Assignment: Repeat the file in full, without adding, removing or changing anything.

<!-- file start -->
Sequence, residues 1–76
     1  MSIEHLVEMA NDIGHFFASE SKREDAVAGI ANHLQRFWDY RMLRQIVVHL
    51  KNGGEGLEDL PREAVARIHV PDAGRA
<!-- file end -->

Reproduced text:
Sequence, residues 1–76
     1  MSIEHLVEMA NDIGHFFASE SKREDAVAGI ANHLQRFWDY RMLRQIVVHL
    51  KNGGEGLEDL PREAVARIHV PDAGRA